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In the beginning (April 2009) when I considered what I thought DWP should be about and what I thought I could accomplish, I didn’t have any experience or guidance, just a small amount of funds and a desire to do something instead of nothing, which would make lives lived in poverty more comfortable. A few years and working trips later, I discovered just how naive I was and that discovery was exciting. I have realized that I can do so much more than I ever thought possible or manageable.

 

With the accumulated knowledge and experience I gained, DWP has been able to build long lasting projects such as the school in the Saki Naka slum community and the garden and slum beautification project completed in March 2011.

 

This is a never-ending journey to help poor communities with medical needs, school fees and to build projects that will benefit the communities for years to come. We ask what locals need and then employ them to help us get it done. They inspire us and help us understand cultural differences. Together we are resourceful and adaptable which enables us to work in unusual circumstances and less than ideal conditions.  Besides serious stuff like school fees and medical needs, we also fund good times such as  the purchase of swings for the garden area, taking kids to a movie, and making sure birthdays are celebrated with a cake and a small gift.

 

The Dirty Wall Project has no overhead and no salaries to pay except to the locals we employ who benefit from a job. We are volunteers in every sense of the word. Our time, travel costs, and living expenses are our donation to  DWP. Every dollar donated to this project is spent entirely on filling the needs of  communities in India.

 

The Dirty Wall Project Foundation is incorporated under the Society Act, issued at Victoria, British Columbia, on April 27, 2010.  (Number: S-56630)

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What is the Dirty Wall Project? 

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Todd Ryan - Director

Digging into his well-worn pockets for a calculator and the bank card keeps Todd busy in Mumbai. He is the voice of reason when it comes to spending donors' money despite his penchant for easy tears. He is a human totem pole for kids to climb on and the ‘heavy-lifting’ guy both emotionally and physically when things get too tough for the rest of us. Todd requires a daily sense of purpose, and the Dirty Wall Project, whether we are in Canada or Mumbai, gives him a reason to get up in the morning.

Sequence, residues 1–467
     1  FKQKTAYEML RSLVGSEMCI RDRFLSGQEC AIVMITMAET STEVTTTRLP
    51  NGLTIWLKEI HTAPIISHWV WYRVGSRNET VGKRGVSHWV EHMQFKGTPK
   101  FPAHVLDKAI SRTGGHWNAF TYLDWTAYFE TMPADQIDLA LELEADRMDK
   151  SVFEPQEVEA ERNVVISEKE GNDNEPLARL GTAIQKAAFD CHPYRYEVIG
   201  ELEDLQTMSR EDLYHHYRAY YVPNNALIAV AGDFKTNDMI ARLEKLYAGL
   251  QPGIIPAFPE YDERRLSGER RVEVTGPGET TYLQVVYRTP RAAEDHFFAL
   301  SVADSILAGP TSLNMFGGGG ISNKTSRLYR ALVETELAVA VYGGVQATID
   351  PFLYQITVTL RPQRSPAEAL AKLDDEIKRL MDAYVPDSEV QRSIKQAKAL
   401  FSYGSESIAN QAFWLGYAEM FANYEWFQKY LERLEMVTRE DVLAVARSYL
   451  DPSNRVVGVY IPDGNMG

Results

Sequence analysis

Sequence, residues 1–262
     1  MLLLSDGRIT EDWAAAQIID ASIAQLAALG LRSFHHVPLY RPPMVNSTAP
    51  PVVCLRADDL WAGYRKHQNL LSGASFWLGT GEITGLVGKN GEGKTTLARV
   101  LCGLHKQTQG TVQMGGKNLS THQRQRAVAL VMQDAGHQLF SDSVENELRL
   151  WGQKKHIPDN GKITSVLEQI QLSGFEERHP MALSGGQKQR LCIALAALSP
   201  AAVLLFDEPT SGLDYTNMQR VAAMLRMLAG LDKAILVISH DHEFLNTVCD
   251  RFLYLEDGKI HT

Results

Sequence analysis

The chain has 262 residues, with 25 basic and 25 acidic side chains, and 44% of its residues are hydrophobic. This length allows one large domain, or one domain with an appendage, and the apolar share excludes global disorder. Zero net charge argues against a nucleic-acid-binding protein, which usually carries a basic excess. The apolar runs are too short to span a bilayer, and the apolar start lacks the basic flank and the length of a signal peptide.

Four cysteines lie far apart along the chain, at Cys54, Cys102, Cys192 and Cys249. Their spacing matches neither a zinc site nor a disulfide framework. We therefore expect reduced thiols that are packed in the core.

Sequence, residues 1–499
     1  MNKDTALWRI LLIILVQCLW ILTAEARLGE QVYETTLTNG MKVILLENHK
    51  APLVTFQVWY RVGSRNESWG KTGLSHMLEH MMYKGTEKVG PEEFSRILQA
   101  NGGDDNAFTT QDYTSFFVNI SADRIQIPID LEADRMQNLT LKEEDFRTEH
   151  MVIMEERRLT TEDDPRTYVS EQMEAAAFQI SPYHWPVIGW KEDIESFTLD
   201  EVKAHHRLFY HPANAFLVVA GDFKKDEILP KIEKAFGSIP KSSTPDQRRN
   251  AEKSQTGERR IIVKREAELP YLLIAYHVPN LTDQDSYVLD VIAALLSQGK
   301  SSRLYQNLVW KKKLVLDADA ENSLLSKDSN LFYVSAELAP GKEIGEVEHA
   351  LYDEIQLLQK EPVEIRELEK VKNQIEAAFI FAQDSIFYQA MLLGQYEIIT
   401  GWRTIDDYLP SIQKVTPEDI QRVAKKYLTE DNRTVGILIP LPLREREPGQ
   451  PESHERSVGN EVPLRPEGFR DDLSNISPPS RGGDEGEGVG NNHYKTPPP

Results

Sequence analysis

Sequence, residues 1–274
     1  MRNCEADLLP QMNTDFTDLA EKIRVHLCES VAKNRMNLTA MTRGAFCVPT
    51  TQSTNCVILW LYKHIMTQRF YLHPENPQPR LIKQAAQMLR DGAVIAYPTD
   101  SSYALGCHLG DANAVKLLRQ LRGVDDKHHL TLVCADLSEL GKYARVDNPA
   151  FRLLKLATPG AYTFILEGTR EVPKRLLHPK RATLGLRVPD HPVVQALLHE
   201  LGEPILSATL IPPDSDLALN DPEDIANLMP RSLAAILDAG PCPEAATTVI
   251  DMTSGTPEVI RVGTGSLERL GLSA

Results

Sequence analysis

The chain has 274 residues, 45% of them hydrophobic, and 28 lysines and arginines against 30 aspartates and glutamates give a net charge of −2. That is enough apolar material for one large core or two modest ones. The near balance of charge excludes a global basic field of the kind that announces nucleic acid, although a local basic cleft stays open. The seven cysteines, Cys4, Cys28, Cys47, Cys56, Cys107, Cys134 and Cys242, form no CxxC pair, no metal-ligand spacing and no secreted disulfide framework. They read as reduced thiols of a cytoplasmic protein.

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Indu Kewat - Manager

Wearing her heart on her sleeve coupled with an intense desire to be helpful to her friends and neighbours, Indu is our guide to the community. Her astute observations about her own culture, our place in it and her place alongside us has allowed us unfettered access to homes, hospitals, schools and the lane ways of the Saki Naka pipeline community. She is tenacious, bold, and always ready to accompany us anywhere in Mumbai with her beautiful baby Agya on her hip. She speaks English and is our Hindi tutor and our translator; our very personal guide to the culture. Her opinions are valued and important to the running of the Dirty Wall Project. We value and love her attitude and her outspoken, fearless nature. She helps us get things done and we couldn’t manage without her.

Kane Ryan - Founder 

Jumping into the world of non-profit heart first, head second, has given Kane the sense of amazement that one person can bring comfort to many people. In 2009, after years of travelling the world, he started the Dirty Wall Project with $4000 that he managed to scavenge through his initial fundraising activities. Wide-eyed and anxious to get started, he was given the best advice from Jaimala Gupta, who along with her husband, Hitesh Gupta, is the founder of Vatsalya, (an orphanage and school in Jaipur).  ”You will never be able to help everyone and you have to accept that or you will never last.” With Jaimala’s advice in mind, Kane stands knee-deep in impoverished communities and asks how he can help. His mandate to “see a need and fill it” is closely followed by “I can’t help everyone, but I can help someone”. 

Cindy Ryan - Director

It’s hard to look away now. That’s my reply to those who ask why I dislodge myself from a comfortable life in Canada and keep going back to India to spend months in the Saki Naka slum community. I am useful here and grateful and humbled to be able to contribute my time and energy to provide comfort and relief from the grind of poverty. I am hopeful that I will (soon) be able to speak Hindi in complete sentences and add another layer of depth to my time spent in Mumbai with the amazing and resilient men, women and children in this community, who give my days meaning and purpose.